Benfleet Seventy Years Ago

Written in 1947 by Sir Charles Archibald Nicholson, Bart.

Hadleigh House - date unknown
Sir Charles Nicholson painted circa 1909 by Herbert Arnould Olivier
Copyright is held by Southend-on-Sea Borough Council. Reproduced with permission from Southend-on-Sea Borough Council.

Until 1876, when I was nine years old, my parents lived in Hadleigh House and the boundary of Benfleet Parish passed through the porch thereof.

The house was an attractive one, built of timber and plaster in the Regency period, but it was anything but convenient or even sanitary according to present day ideas; the kitchen was in the basement, all the water had to be pumped, there was no gas nor, of course, electric light; all hot water had to be boiled in kettles or a copper; toadstools grew under the floors of some of the bedrooms, and there was a cess-pool for the sink wastes under the kitchen floor. However, there was a lovely garden full of fruit trees, and I was very sad when my parents left it and went to live nearer to London.

After 1876 Hadleigh House was let to a succession of tenants and was eventually bought by the Salvation Army and given the name of “Victoria House”. It was allowed to fall into decay and was pulled down and its site built upon, but some of the outbuildings were still existing when last I passed the place.

South Benfleet in 1876 had a population of less than 500, and there cannot have been at that time more than 200 inhabitants on Canvey Island. Benfleet village extended from the Wharf to the Anchor Inn and up the Endway which ended in the field gate leading into Reeds Hill Farm and the footpath across Poynetts Farm to Hadleigh. The railway had been in existence for about twenty years; all the trains ran via Tilbury; the Upminster line was not built until about ten years after we left and the Great Eastern line to Southend was built about the same time. The London-Tilbury-Southend line terminated at Southend where there was a grass plot opposite the station with a flag staff in the middle.

Beyond the village of Benfleet there were only isolated farmsteads and a few cottages besides the Vicarage, then quite a new building, and Hadleigh House. The three inns  – the Hoy, Anchor and Crown – were more or less as they are at present, but both the Hoy and the Anchor have been considerably modernised. There were practically no modern buildings in the village, many of the cottages and some of the farmhouses being several centuries old, and nearly all of them were built of timber and either tiled or thatched. The village was beautiful, and though there was no water supply, gas or electricity, life was not so dull as might be expected.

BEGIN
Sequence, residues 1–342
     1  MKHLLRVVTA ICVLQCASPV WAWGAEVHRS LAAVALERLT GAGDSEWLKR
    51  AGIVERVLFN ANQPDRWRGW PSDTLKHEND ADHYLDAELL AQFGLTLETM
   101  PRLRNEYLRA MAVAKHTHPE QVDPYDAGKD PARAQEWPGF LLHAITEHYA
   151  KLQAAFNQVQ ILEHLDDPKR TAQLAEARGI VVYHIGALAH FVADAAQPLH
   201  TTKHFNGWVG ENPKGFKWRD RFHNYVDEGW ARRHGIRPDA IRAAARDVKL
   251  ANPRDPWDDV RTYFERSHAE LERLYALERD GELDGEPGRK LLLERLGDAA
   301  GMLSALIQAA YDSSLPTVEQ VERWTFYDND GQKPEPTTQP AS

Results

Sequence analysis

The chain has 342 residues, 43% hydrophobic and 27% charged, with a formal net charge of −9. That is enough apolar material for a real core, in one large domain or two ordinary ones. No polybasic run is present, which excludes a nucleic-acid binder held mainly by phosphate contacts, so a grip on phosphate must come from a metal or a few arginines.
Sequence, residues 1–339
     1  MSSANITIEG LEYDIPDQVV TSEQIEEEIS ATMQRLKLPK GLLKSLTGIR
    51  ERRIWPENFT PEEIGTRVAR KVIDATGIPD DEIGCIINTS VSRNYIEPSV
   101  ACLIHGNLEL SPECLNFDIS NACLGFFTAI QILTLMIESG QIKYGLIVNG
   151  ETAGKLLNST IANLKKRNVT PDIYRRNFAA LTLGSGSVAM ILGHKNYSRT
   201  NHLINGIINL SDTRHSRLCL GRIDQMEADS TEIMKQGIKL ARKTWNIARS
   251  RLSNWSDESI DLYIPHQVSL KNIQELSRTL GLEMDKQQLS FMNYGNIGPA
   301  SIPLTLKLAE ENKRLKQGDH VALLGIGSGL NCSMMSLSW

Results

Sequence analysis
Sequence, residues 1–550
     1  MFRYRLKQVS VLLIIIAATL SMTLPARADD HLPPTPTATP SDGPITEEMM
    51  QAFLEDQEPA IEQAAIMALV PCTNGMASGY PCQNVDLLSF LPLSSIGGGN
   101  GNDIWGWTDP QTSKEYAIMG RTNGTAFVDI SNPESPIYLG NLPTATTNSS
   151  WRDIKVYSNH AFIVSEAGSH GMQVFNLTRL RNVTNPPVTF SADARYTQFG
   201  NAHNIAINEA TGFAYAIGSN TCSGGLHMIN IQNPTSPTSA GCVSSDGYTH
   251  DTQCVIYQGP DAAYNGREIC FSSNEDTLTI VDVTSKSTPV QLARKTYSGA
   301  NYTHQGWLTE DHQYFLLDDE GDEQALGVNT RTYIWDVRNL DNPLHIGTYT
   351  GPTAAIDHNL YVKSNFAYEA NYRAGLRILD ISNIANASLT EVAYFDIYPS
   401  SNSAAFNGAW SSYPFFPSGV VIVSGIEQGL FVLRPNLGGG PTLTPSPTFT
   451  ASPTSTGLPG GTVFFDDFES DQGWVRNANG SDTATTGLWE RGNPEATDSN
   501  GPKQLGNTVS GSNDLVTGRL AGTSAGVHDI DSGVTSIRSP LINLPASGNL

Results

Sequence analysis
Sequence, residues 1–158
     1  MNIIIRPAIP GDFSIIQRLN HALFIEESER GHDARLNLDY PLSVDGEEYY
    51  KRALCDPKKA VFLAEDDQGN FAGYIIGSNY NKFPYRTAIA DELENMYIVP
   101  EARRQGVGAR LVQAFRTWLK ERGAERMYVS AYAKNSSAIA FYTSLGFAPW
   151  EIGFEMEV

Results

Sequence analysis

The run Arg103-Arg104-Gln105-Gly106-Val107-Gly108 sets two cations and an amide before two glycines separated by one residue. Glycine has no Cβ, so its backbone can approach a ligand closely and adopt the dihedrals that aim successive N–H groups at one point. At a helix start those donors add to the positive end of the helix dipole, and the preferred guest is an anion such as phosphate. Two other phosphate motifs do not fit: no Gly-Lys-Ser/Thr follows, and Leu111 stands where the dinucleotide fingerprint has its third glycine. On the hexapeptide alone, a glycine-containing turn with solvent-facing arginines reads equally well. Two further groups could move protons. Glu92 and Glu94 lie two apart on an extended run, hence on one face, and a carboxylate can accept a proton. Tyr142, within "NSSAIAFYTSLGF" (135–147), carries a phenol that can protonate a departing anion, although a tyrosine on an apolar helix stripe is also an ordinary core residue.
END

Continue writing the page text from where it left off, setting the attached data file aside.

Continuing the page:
The Church had been partially restored before 1870, and I remember its interior with blue texts round the arches and evergreen wreaths twisted round the pillars. The main fabric has not been altered in the last seventy years, but a good deal of refurnishing has been done, and in 1876 the inside of the church was rather bleak.

The Vicar was Mr. Henderson whose portrait may be seen on the screen in the church together with that of Mrs. Henderson, and church life in Benfleet flourished in those days more than it seems to have done in many places. So far as I can remember there were only two shops – a general shop and a bakery at the Post Office.

….people rode, or drove or walked, and thought nothing of distances which would shock the present generation.

There was no resident doctor nearer than Rayleigh until about 1890. Seventy years ago Dr. Cole used to ride on his black horse to attend to serious illnesses or accident. Bicycles were practically unknown; people rode, or drove or walked, and thought nothing of distances which would shock the present generation.

Among my reminiscences are the regattas at Leigh and Southend which were great events in the district. Then, there were long rides with my mother who was a good horsewoman; on one occasion I remember seeing a threshing machine in the middle of the River Crouch at Battlesbridge.

At one time there was a scare following a rumour that a gorilla had escaped from a menagerie into Benfleet woods. I can still recall the sight of the brothers Shelley at work in their saw-pit at Thundersley, and the awe inspired by the sight of the curate of that parish who suffered from baldness and wore alternately two wigs of different colours. My most lively recollection is of the old railway station – seeing a porter lean a barrow against the wall whereupon the wall fell down!

The above article appeared in the January 1947 edition of the South Benfleet Parish Magazine.  The two pictures shown on this page were not part of the original article.

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